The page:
5. GSRCRXsi

    GSRCRXsi Super Moderator Moderator VIP

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    thanks for the reply mike! very helpful. but im still torn lol. see the low friction thing is very apealing with the r pistons, but then the b16s are cheaper and wouldnt need a 2 layer gasket to bump the compression,

    i really dont want to run the ctr pistons. just not for this build. i just want something mild, and just having the compression that high would require more work and effort then i want to put into it. if i was going to run a build with this high of compression i would do it right and get everything reworked, forged pistons the works, and i do hope to make a build like that someday, but right now im just going for something subtle.
     
  6. phunky.buddha

    phunky.buddha Admin with a big stick Admin VIP

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    Just run the B16 pistons then. It's not like they don't hold up to 9000rpm or more all the time- tons of people run their stock B16 blocks to 9000 or more, whether or not they're making power. Of course, the pistons will be moving faster than they would be in a B16 block, but you should be ok as long as your oiling system can keep up.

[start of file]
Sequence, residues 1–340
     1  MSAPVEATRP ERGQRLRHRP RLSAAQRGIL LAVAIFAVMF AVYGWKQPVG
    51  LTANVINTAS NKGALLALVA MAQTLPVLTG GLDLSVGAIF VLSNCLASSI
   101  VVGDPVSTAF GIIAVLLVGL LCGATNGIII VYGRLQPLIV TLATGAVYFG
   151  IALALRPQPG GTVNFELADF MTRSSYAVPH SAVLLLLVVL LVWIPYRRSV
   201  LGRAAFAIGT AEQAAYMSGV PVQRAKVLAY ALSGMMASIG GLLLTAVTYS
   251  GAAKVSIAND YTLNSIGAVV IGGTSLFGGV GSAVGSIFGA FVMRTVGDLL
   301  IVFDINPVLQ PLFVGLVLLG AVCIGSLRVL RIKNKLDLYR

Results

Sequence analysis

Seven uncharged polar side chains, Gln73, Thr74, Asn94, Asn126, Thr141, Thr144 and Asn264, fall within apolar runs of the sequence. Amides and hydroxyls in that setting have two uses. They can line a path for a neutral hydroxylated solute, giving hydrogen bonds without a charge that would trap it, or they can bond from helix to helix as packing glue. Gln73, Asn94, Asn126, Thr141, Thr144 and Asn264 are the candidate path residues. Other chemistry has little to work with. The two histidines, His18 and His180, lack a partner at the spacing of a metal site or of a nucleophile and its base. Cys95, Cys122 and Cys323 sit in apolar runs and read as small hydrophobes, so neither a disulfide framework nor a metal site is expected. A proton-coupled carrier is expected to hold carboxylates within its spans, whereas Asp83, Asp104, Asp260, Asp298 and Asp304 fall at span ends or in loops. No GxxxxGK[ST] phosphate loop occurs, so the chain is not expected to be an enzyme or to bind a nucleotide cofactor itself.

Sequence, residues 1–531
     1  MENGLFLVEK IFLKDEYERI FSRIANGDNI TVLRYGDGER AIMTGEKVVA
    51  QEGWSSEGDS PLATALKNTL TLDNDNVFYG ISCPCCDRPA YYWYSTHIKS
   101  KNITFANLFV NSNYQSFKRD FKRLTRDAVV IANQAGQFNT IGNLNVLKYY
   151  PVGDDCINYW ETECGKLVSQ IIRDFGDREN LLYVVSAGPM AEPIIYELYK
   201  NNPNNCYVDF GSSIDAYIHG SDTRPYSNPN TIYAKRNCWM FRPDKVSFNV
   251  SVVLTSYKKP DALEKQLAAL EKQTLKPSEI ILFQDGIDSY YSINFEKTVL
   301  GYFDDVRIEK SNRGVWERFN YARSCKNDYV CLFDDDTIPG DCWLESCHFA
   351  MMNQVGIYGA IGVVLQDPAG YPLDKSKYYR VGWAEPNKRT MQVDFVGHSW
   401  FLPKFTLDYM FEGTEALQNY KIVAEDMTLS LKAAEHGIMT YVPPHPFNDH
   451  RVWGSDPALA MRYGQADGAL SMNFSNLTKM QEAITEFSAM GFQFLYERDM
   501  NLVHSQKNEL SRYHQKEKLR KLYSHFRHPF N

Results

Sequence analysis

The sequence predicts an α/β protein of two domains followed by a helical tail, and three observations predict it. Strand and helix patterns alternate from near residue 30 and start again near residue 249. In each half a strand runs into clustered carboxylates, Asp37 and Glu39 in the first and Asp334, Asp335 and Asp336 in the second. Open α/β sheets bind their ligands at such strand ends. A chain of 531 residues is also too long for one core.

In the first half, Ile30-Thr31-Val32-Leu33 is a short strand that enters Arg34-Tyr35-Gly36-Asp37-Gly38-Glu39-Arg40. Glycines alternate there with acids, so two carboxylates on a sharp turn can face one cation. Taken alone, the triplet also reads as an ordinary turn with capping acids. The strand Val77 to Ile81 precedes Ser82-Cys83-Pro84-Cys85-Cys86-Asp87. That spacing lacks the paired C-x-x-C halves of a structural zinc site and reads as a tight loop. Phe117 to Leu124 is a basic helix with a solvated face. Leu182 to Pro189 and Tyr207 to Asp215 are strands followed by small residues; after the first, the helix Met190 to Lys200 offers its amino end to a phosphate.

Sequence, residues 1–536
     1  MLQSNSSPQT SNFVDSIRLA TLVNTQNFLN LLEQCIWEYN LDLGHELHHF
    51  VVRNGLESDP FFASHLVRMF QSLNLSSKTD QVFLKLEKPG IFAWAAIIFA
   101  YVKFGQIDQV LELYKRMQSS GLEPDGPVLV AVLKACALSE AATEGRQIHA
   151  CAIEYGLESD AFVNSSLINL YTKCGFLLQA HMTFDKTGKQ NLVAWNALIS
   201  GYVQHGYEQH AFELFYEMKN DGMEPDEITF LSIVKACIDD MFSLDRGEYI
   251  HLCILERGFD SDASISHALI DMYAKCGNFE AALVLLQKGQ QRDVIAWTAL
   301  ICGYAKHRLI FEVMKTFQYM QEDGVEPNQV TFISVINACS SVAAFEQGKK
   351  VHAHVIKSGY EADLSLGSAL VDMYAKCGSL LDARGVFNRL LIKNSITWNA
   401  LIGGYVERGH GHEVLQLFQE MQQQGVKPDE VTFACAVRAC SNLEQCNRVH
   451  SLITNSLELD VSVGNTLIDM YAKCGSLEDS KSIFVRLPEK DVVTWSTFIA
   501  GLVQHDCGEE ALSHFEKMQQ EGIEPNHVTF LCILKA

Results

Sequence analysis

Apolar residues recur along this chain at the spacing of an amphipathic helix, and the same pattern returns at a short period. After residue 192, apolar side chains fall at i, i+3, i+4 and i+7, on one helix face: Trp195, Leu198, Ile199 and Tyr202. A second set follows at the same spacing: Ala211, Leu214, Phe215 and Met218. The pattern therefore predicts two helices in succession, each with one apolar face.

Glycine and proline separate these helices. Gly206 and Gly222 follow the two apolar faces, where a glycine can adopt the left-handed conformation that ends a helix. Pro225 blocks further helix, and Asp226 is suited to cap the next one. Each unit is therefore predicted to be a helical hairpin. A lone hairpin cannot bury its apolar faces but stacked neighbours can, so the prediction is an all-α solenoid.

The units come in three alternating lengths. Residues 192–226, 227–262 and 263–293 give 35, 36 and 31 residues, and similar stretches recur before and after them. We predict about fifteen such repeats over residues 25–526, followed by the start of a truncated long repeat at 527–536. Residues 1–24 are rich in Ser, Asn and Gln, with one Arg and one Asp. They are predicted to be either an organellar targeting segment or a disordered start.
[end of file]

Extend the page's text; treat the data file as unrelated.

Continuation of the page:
7. GSRCRXsi

    GSRCRXsi Super Moderator Moderator VIP

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    true, the gsr dois have better oiling of the pistons, with the oil jets and all. i think im gonna go with the b16 pistons. but now the choice, JDM or USDM ? hmmmm :)
     
  8. phunky.buddha

    phunky.buddha Admin with a big stick Admin VIP

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    JDM. :)

    The compression difference between the two isn't really that big, so if the USDM B16 pistons are easier for you to get, you might just want to go with those. You'll still make really good power from them with well matched cams.